Yesterday’s cool, bright weather had me in a yellow beach hut on the South coast making scotch eggs by candle light. Limited to a small gas oven, a packet of real cheap bangers and half a dozen eggs in a bag from the beach cafe, we kept with the 1950s spirit of things and rolled up our sleeves to delve up to our elbows in sausage meat. The back room kitchen feel of the whole process had us in stitches. This is cooking at its least glamorous and most romantic – in this hut, food is about delicious and indulgent basics: too much brie, much more butter and a handful of sweet clementines. Every meal is a table picnic where greasy pâté knives cut through cheese, tea brews in bowls and boiled eggs are spooned onto half-toasted cuts of white bread. It lacks etiquette, but it’s my all time favourite weekend by the sea. There’s a pub in Mayfair that makes the most exquisite scotch eggs fresh every day, and which sell out about an hour after they hit the bar. Their velvety insides and crisp, warm breadcrumbs make for the perfect combination with a pint of dark ale and are the far superior cousin of the petrol station variety.
Makes 4 scotch eggs.
Semi hard boil 4 eggs in water for 4 minutes from cold. Preheat the oven to 150°C and squeeze the sausage meat of 8 bangers from their skins onto a clingfilm covered flat surface. Combine together with your hands and roll out flat with a dry rolling pin or large knife to cover an even surface about the size of an A4 sheet of paper. Crumble the crusts and centre of 2 slices of stale bread with your fingertips – brown or white will do. If it’s still fresh, toast it first to dry it out. Cut the sausage meat into 4 strips widthways (each a little wider than egg width), remove the eggs from the heat and replace with cold water. Once cool, carfeully shell them and lay across the middle of the sausage strip. The egg will be tender and still has some cooking to do, so be gentle. Working from the bottom of the strip upwards, peel it away from the clingfilm and wrap it around the egg, binding together to join on all sides. Try to keep an oval or circular shape. Transfer to plate of breadcrumbs and roll to coat evenly. Place gently on a baking tray and bake for up to 20 minutes, turning occasionally to darken the breadcrumbs and ensure even cooking. [We actually tried frying them first as we’d heard something about industrial scale scotch eggs being deep fried. Without a deep fat fryer, we started a little kitchen fire in the pan (remember the hut was made of wood) and with only olive oil at hand, couldn’t heat it sufficiently to stop the breadcrumbs from just soaking it all up. So we finshed them off in the oven, which is probably the best place for most people to put them, and which will help dry them out a bit when using cheaper sausage meat.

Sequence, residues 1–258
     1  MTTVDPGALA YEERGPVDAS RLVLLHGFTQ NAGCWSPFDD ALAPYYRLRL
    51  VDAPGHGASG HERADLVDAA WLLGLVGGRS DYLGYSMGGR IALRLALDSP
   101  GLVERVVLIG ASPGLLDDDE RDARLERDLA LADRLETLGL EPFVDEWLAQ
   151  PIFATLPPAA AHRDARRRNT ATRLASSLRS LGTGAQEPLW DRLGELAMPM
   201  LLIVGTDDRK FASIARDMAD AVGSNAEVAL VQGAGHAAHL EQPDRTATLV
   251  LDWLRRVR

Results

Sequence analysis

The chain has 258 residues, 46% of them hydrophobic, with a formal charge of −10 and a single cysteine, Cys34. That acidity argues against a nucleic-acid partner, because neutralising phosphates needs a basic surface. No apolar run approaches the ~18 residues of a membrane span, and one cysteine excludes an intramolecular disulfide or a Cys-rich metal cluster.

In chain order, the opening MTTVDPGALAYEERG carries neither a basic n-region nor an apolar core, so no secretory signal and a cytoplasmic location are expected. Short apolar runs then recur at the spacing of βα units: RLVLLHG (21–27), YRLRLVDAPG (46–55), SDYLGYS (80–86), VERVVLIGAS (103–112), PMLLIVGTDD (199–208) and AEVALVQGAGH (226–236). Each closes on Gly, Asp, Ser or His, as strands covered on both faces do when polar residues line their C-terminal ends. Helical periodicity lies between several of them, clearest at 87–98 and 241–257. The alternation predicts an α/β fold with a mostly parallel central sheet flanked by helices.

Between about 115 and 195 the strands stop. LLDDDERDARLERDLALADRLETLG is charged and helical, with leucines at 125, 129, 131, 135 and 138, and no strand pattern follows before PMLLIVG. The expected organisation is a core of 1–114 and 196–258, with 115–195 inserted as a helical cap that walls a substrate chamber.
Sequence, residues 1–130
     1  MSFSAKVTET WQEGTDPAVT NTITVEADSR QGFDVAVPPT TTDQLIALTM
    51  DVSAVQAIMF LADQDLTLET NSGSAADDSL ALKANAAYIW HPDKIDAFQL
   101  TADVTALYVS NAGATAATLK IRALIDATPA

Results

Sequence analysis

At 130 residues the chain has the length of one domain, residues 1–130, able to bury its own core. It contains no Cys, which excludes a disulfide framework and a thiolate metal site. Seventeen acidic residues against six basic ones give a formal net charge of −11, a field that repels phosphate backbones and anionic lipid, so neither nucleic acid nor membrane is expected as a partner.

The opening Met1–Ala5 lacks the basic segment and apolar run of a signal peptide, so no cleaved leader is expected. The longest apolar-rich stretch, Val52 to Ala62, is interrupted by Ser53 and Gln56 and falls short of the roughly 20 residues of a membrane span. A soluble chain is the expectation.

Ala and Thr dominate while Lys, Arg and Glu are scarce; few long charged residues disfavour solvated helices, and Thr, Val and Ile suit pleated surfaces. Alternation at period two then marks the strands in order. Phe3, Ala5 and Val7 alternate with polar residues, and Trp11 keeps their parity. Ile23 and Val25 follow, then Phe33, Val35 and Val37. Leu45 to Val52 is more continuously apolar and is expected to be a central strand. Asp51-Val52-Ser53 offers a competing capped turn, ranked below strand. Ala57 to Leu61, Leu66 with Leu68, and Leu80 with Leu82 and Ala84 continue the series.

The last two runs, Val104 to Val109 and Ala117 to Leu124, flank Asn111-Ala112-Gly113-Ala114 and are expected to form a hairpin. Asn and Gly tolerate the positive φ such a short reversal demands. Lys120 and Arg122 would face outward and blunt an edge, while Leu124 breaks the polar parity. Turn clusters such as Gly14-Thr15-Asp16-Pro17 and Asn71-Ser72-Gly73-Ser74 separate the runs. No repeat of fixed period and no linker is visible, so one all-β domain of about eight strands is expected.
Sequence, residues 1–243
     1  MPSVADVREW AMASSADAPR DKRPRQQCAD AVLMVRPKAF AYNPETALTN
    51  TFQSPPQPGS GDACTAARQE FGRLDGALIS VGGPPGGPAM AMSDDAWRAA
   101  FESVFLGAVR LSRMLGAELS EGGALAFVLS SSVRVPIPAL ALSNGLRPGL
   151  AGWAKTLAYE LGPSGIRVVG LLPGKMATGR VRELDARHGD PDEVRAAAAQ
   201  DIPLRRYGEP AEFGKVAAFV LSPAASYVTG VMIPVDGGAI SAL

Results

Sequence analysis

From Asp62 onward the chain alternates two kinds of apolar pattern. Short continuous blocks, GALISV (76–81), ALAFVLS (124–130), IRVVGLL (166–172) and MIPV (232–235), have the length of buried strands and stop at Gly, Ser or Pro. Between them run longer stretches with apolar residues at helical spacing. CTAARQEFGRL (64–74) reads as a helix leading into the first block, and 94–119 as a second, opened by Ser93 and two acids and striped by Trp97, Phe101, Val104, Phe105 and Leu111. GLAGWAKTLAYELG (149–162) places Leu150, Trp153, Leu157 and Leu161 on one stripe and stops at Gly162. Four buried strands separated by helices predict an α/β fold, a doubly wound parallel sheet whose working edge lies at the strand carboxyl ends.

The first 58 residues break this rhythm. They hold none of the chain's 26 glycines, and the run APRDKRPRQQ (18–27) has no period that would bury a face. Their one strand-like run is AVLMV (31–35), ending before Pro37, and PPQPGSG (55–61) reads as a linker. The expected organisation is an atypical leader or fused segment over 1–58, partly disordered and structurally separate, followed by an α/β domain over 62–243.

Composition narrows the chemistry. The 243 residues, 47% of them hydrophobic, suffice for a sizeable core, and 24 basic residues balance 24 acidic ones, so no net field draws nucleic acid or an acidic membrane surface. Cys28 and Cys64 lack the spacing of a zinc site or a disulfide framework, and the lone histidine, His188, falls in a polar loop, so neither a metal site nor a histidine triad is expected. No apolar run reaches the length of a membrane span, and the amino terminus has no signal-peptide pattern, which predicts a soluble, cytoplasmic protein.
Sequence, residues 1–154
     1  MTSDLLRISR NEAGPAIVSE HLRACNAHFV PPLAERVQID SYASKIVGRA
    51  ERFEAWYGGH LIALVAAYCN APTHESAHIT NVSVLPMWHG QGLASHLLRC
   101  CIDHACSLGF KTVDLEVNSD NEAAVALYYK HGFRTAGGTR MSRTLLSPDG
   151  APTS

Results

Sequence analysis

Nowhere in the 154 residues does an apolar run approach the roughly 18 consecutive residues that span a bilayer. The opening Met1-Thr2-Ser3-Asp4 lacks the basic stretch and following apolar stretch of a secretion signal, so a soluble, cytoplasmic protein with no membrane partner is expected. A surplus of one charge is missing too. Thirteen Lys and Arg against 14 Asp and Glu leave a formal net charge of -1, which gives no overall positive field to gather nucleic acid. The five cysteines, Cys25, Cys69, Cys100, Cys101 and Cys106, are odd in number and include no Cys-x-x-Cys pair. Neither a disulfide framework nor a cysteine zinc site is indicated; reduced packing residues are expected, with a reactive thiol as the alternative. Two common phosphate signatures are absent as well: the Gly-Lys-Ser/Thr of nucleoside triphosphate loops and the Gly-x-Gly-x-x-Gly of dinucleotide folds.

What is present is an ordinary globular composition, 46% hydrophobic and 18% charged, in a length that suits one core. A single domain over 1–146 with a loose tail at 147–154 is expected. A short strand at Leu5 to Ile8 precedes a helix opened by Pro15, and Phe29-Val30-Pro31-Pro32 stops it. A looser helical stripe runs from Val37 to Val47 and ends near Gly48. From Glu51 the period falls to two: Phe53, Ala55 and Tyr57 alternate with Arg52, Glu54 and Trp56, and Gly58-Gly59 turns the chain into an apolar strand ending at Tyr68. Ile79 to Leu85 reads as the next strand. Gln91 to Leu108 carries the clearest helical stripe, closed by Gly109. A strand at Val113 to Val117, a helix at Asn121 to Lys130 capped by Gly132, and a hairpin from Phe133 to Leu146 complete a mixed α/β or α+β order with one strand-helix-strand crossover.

They’re not the most beautiful things in the world, but I love their handmade look – there’s something quite Renaissance about a sausage wrapped egg. If Henry VIII had a picnic, he’d have these, I reckon. Next time we’re going to try some variations with quail’s eggs, venison sausage and chorizo – watch this space.